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Exploring The Chuck E. Cheese’s Lunch Buffet High On THC Toffee

“Did you know Chuck E. Cheese offers an All-You-Can Eat Lunch buffet?”

That was the question Elie asked me, as I proclaimed the deliciousness of Chuck E. Cheese pizza in the FOODBEAST office a few months ago. I’d recently gone for a young child’s birthday, and the pizza was more than memorable. I was unaware of the buffet, though, but interested to hear more.

Come to find out, Chuck E. Cheese has an AYCE lunch buffet Monday - Friday from 11am - 2pm, for about $7.50.

“We should go review the buffet one day,” Elie continued. “But, we should take [weed] edibles before we go — and vlog it!”

This immediately seemed like a fantastic idea. So, for the last few months, through Slack channels and Google Calendar, Elie and I began scheduling — and canceling — a date.

With both our schedules peppered with out of office dealings, remote photo shoots, and just general unavailability, pinning a date for this eventful day proved very difficult.

Most of us can remember going to Chuck E. Cheese’s as children. From my perspective, it was mostly fun. Chuck, the giant mouse, seemed reputable. The neon lights, video games, and animatronics were the perfect atmosphere for an 80s baby wired for sensory entertainment.

As I aged, I figured the Chuck E. experience was exclusive to parents with children. A few years ago, some dude I knew decided to have his birthday dinner there, and it was pretty dismal. One beer, per hour — we were told, after our group was almost denied entry. Since then, I figured Chuck E. Cheese was off-limits, and it was best to steer clear of the establishment unless invited. I was fine with that.

Upon my recent return, I discovered that Chuck E. Cheese pizza was delicious. Perfectly cooked pepperoni, flaky crust, melty cheese — good enough to share with the FOODBEAST crew, anyway.

As interested as I was in attempting to partake in the “all-you-can-eat” the buffet, I voiced my opinions about feeling unwelcome, expressing doubts that our plan would work. Elie convinced me otherwise.

Elie explained that he had ordered a pizza to go with his girlfriend a few months prior, when he saw the flyer for the buffet, and knew it was something he wanted to check out. So, I trusted his judgement.

After months of planning and replanning, we finally pulled the trigger. Conveniently enough, I received a package from a new cannabis infused toffee company, which would act as our PED for our nostalgic culinary journey.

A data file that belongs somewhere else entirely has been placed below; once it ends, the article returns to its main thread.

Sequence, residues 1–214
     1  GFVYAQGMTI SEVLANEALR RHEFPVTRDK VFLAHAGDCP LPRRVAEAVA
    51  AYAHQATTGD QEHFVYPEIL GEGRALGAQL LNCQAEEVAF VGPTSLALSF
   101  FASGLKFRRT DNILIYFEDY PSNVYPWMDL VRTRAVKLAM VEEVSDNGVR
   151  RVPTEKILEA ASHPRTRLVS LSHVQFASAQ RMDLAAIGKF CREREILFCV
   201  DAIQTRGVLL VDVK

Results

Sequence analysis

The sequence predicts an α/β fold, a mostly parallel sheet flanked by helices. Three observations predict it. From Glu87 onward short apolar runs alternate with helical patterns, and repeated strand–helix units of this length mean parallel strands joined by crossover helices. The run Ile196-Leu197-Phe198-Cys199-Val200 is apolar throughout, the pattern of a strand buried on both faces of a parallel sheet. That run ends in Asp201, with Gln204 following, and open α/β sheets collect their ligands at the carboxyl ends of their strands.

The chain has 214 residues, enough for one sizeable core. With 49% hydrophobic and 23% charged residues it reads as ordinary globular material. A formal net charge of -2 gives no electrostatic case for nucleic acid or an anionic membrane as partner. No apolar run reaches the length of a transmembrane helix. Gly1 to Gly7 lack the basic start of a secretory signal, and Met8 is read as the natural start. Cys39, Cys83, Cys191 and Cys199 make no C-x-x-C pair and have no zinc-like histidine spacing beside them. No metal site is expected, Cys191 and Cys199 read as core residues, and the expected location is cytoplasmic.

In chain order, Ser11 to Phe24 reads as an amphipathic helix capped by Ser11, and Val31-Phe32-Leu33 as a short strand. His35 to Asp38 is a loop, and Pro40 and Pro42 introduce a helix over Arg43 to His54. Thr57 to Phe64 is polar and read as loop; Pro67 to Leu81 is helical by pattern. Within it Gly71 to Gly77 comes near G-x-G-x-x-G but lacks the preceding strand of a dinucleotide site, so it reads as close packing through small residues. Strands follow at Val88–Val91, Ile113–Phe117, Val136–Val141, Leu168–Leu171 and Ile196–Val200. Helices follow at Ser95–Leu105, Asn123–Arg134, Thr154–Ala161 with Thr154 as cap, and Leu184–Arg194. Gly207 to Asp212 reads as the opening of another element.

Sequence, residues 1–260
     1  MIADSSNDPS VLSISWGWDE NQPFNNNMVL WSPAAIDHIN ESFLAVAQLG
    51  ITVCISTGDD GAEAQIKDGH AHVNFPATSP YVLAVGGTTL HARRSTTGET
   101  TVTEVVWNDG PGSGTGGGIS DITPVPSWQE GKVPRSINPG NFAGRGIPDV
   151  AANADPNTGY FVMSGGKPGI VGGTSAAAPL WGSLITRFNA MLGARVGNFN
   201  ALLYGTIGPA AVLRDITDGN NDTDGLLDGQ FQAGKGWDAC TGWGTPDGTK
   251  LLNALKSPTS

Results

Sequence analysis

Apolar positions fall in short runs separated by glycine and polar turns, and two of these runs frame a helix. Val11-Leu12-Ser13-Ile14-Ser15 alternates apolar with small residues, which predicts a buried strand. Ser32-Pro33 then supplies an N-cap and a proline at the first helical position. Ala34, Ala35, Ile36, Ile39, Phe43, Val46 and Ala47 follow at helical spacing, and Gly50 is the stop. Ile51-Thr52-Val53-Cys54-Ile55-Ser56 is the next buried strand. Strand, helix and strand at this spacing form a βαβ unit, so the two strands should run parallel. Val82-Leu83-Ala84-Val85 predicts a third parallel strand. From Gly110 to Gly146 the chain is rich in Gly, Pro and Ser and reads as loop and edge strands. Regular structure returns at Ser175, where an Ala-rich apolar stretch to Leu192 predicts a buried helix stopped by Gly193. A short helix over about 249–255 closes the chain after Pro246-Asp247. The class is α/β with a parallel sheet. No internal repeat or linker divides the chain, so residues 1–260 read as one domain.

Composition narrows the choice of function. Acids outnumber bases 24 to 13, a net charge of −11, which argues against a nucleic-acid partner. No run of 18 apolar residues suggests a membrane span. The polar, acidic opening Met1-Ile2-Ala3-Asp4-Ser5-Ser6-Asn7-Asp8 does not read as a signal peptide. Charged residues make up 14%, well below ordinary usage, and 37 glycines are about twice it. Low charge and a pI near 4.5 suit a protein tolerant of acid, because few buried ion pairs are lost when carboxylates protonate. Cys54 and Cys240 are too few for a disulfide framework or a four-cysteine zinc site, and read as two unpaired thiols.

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We arrived at our destination about an hour after consuming the infused toffee. The sweetness and stickiness of the toffee, paired with the slight tinge of cannabis lingered in my mouth as I prepared myself for a cerebral journey. My body vibrated with strong waves of highness. I could tell this high would be intense.

Upon entering, a red rope separated us between reality and a neon-lit brainchild spawned by the inventor of Atari. The moment of truth was upon us. As the rope lifted, my anxiety subsided.

It worked. Mission one: Completed. We had successfully entered Chuck E. Cheese without the accompaniment of a child.

Now it was time to buffet.

However, the buffet was less than sad. It was depressing. Considering my enhanced emotional state, I was completely floored by the piss-poor presentation of the “buffet” which merely consisted of a large bowl with a divider down the center, separating two types of salad, a squirt bottle of Ranch dressing, and a small bowl of croutons. There was literally a half pizza under a heat lamp when we entered.

Elie wasn’t impressed either. His vision of the buffet was much more grandiose, with multiple toppings to choose from and a variety of dressings to enrobe our salad. I thought perhaps his visions of grandeur had rubbed off on me. There seemed to be a collective deflation between us.

As we sat down to eat, I started my voice recorder on my phone, just to capture the poignant moments of our discussion. I time stamped the audio after to discuss it on Foodbeast’s The Katchup Podcast.

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My first note reads: “1:40 min: “I’m high as fuck.”

Through about an hour of audio recording, Elie and I seemed completely distracted by random noises from the surrounding video games. I mentioned how there was no salt and pepper at the table several times. Elie claimed his beer was the best he’d ever had. It was Bud Light.

Yet, the pizza was good. We mentioned how the food began tasting better each time we went back to the buffet. That could have been the magic toffee talking, but I’ll give it to Chuck E. Cheese, they’ve been in the pizza game for 40 years, and let’s face it, it’s pizza — there’s not much that can go wrong.

As we wrapped up our business lunch, the inebriation from the toffee began to really take hold. I consumed much more than I thought, and was soaring into a stoned, anxiety riddled mindset. I explained to Lyft driver that I’d gone to a “business lunch” at Chuck E. Cheese, she told me that I “looked tired,” repeatedly.

After that, I decided not to talk, as I was nervous I’d just ramble incoherently.

I began to question why I let Elie talk me into something like this, but nonetheless thankful for the opportunity to be able to tell a story of this nature.

In retrospect, I’m glad we were able to prove that Chuck E. Cheese doesn’t require children to enter, but I’m not sure when I’ll return. Maybe we will meet again, if I eventually enter fatherhood, although I am in no rush. Thanks to this trip, I was able to revisit the positive memories of my childhood — but perhaps it’s best those stay as they are — simply good memories of my youth.

Because, not even consuming 60mg of THC could have made the buffet any better.